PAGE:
Fox News prime-time host and attorney Greta Van Susteren is pondering the ever-evolving legal scenarios for Corey Lewandowski, Republican front-runner Donald Trump’s campaign manager, now charged with battery after a less-than-harmonious encounter with a female reporter during a Florida campaign stop. The incident prompted 16 other female reporters to demand Mr. Trump fire his employee. Ms. Van Susteren is not happy with what she sees.
“It is stunning — Lewandowski has not had a trial and these women have convicted him. We have a judicial system in this country not mob rule. As an aside, I have tried many, many, many criminal cases and I will tell you this: There is reasonable doubt in this one. This is a very easy defense case. Don’t believe me? Ask any lawyer,” Ms. Van Susteren wrote on her personal blog.
“And now look what these women have done to their own work covering the campaigns! These women reporters may want to pull themselves off the presidential campaign coverage since they have obviously shown their bias. They need to ask themselves — can they be fair in all their presidential campaign coverage based on this? There is a big difference between waiting for a jury to decide facts and a verdict whether a crime has been committed and just taking sides and calling for someone’s head,” the Fox News host concluded.
JEB BUSH NOW POISED FOR THE PODIUM
The very high-profile Washington Speakers Bureau noted in a quick tweet Wednesday that it is “honored to announce we will again be exclusively representing Jeb Bush.” Indeed, the former presidential hopeful and ex-Florida governor gets a glowing review from his agency: “A successful governor and business, economic, education and health care reformer, Jeb Bush elevates the conversation on how to address the key challenges facing America today.”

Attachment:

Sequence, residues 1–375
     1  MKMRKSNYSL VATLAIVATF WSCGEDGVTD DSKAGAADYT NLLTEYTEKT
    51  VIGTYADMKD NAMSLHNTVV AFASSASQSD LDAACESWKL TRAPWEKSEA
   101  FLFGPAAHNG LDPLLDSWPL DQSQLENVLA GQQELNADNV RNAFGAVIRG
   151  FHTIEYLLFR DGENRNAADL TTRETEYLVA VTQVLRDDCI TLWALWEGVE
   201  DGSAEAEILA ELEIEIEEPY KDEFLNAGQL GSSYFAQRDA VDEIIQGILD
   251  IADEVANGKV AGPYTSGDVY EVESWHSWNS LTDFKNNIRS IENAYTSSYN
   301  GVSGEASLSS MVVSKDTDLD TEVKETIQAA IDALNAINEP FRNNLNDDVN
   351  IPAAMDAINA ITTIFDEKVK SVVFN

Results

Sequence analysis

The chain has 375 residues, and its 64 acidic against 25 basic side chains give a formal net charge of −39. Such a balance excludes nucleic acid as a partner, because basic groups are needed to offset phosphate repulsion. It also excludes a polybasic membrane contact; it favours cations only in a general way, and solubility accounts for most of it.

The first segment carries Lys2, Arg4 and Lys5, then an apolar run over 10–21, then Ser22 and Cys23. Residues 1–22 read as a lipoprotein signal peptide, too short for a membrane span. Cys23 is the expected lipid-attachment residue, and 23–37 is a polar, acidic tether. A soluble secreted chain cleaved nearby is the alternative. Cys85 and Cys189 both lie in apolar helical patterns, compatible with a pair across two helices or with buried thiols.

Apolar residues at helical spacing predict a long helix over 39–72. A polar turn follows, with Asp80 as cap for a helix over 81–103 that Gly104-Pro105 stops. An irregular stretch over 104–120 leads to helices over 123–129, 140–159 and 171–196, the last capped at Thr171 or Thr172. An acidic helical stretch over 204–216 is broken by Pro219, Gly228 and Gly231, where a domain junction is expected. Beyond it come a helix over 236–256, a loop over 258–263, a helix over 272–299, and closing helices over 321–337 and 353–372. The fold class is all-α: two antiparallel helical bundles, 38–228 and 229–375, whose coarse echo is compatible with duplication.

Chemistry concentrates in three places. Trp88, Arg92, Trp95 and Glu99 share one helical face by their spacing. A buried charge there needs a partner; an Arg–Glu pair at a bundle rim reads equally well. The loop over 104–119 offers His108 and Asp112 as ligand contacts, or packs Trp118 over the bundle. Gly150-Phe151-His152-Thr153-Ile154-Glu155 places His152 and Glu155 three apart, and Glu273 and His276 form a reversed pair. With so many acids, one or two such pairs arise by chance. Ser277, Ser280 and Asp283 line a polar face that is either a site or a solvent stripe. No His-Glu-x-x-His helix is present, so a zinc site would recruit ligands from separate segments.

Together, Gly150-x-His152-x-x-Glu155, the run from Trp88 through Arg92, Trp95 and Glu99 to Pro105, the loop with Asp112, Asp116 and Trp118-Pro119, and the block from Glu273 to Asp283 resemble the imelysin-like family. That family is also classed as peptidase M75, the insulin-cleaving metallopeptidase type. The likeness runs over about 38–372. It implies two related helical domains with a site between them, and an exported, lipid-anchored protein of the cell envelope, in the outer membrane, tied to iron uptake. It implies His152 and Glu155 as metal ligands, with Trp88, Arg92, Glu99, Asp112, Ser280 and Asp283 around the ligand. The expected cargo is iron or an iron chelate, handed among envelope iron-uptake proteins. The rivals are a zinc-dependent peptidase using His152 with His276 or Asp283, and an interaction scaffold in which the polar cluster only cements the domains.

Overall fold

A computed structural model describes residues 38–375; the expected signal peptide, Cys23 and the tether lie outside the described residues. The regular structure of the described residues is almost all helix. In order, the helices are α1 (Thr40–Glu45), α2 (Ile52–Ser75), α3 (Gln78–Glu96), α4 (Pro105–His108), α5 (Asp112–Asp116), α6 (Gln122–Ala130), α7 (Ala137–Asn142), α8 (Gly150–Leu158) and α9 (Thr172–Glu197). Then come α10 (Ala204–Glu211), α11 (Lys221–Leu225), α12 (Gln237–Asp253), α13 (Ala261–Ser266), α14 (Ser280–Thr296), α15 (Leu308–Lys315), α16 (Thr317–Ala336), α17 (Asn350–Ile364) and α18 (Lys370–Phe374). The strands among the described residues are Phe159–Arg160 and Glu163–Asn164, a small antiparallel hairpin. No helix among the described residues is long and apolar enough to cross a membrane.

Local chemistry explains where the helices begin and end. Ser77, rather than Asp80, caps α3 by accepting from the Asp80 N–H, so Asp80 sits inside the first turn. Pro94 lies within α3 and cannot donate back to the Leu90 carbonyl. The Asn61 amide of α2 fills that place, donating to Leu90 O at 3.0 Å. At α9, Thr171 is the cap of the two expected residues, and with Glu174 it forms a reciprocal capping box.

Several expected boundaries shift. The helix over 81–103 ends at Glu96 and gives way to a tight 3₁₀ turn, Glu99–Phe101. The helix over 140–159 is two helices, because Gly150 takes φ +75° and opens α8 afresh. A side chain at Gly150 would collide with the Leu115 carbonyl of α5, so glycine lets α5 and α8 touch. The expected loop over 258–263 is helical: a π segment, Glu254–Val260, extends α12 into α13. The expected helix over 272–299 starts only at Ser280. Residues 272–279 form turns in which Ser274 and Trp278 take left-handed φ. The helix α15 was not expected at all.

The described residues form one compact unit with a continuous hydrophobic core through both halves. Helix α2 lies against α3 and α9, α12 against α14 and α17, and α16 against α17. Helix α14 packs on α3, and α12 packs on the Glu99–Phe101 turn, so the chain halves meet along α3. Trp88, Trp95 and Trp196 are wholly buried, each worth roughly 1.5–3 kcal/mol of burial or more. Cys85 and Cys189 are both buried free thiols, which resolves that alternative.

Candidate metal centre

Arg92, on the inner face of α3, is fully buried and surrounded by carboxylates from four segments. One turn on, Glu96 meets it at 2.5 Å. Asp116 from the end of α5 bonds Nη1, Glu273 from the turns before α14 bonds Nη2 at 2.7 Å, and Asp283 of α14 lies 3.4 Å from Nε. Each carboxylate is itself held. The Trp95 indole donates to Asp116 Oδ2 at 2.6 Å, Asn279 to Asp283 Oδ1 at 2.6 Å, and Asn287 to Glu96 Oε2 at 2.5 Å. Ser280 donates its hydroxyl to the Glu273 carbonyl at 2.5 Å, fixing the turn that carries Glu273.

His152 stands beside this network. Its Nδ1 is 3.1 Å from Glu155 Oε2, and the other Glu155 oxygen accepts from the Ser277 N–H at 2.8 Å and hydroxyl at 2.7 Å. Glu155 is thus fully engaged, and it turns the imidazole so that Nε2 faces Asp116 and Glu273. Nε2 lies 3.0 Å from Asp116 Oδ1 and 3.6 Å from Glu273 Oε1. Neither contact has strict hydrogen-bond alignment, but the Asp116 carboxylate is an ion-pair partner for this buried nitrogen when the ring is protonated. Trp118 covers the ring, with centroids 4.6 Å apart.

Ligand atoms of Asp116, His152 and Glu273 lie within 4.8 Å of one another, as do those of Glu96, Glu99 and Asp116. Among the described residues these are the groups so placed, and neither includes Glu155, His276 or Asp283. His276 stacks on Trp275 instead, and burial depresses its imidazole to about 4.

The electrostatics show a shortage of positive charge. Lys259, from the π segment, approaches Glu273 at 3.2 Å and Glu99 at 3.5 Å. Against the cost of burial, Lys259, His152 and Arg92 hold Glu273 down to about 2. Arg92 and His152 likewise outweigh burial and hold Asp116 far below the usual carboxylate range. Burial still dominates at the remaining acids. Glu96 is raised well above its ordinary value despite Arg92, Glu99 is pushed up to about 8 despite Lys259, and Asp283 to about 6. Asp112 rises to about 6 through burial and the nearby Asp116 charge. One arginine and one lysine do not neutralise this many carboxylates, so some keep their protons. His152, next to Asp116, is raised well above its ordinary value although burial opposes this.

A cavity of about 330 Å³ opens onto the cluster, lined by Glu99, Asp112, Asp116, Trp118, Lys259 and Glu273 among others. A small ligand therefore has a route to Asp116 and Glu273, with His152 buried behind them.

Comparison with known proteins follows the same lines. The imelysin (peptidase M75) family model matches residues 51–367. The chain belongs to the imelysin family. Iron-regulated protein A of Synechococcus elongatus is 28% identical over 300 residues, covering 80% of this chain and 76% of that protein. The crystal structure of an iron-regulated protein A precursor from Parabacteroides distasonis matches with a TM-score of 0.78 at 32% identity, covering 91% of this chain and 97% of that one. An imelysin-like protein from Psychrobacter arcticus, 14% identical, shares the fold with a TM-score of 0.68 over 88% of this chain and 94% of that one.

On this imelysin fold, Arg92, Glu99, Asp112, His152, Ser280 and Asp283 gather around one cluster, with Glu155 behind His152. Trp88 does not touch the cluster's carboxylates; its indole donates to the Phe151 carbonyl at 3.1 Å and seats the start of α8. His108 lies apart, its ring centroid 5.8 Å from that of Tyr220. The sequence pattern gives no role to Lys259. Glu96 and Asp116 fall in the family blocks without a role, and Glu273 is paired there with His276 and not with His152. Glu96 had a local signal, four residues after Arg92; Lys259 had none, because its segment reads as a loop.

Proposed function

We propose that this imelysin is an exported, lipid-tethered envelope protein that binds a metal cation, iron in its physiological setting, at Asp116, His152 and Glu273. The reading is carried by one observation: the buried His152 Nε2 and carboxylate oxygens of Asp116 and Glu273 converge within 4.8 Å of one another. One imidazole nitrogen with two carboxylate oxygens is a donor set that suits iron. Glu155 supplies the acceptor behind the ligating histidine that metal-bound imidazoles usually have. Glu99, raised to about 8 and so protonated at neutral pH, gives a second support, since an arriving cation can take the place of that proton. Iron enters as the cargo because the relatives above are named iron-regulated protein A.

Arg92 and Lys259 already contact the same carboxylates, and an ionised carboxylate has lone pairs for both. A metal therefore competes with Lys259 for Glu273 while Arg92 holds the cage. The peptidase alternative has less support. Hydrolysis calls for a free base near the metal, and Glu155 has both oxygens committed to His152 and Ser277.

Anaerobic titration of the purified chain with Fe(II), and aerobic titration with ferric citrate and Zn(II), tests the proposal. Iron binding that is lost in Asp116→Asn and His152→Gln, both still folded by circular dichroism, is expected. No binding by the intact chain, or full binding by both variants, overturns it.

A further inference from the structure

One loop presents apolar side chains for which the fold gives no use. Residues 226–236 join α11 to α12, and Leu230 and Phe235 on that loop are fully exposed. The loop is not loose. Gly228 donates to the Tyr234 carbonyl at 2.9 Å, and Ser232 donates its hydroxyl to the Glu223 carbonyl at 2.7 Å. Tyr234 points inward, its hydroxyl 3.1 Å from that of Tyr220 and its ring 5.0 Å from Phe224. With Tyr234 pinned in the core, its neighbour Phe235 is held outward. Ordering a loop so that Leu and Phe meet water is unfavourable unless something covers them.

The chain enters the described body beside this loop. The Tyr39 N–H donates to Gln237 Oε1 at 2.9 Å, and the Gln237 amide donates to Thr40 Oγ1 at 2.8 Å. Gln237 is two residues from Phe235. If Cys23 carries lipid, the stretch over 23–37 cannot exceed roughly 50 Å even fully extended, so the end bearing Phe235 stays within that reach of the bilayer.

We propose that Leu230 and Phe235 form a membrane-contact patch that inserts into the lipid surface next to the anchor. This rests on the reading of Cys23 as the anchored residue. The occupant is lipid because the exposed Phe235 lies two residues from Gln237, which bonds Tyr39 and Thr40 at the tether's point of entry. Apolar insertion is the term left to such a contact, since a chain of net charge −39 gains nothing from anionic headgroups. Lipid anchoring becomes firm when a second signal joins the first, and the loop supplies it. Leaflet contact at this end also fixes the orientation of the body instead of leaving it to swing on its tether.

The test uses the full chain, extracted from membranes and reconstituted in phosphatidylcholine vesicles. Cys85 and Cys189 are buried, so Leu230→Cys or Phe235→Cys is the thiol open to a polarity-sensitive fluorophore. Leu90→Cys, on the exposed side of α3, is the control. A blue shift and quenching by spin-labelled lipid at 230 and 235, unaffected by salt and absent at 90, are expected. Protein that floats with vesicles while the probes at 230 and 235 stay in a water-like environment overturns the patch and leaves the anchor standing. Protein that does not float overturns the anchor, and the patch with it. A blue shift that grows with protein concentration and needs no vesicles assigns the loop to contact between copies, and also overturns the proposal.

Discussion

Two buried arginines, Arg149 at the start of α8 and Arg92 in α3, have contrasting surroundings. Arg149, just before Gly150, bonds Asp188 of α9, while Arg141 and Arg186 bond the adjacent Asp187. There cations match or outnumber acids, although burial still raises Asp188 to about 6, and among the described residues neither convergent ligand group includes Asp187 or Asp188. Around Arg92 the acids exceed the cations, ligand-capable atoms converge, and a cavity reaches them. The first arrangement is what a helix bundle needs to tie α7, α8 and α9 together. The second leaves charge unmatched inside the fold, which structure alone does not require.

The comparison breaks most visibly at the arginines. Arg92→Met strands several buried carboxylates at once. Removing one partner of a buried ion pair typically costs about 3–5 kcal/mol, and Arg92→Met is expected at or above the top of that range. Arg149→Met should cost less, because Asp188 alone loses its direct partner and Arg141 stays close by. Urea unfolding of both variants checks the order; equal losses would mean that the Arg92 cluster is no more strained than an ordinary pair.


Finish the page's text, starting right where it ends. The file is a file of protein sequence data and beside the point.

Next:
The podium is popular among Mr. Bush’s presidential peers. The bureau also represents other former hopefuls, including Ben Carson, Carly Fiorina, Rick Perry and Bobby Jindal.
POPULAR MECHANICS DEFUSES A NUKE
Just in time for the nuclear summit commencing Thursday in the nation’s capital, North Korea has released a two-minute video ablaze with music and special effects, detailing a plan for a “pre-emptive nuclear attack” on Washington. “The aggressors and provocateurs will face the most absurd and painful of self-destruction of digging their own tombs with their hands,” warns a narrator in English.
But Kyle Mizokami, who writes on security issues for Popular Mechanics, finds the claim wanting: “Could North Korea actually hit Washington D.C.? No. North Korea’s current arsenal could hit Alaska and maybe Hawaii, but for now the lower 48 states appear safe.”
Mr. Mizokami calls the video “odd and bombastic,” but also references the Musudan missile — a ballistic missile based on a Russian design that made its worrisome public debut during a 2010 North Korean worker’s parade.
“The latest version of the Musudan missile is projected to be able to hit the West Coast with a light warhead payload in the near future. Whether or not it has mastered such a warhead was the subject of considerable speculation earlier this month when North Korean leader Kim Jong-un was photographed standing in front of a model warhead — and the Musudan missile in the background,” Mr. Mizokami adds.
MEANWHILE, BACK AT THE SUMMIT
“Global solutions for nuclear security; Nuclear security in newly nuclear nations; Nuclear governance in a new century; Managing cyber threats; Securing the use, storage and transport of radiological and strategic nuclear materials; The role of the nuclear industry in the world.”
— Five forums at the Nuclear Industry Summit 2016, now underway in the nation’s capital to coincide with the Nuclear Security Summit, hosted by President Obama at a convention center just blocks away and drawing leaders from 56 nations. Russia, incidentally, is not attending the event.
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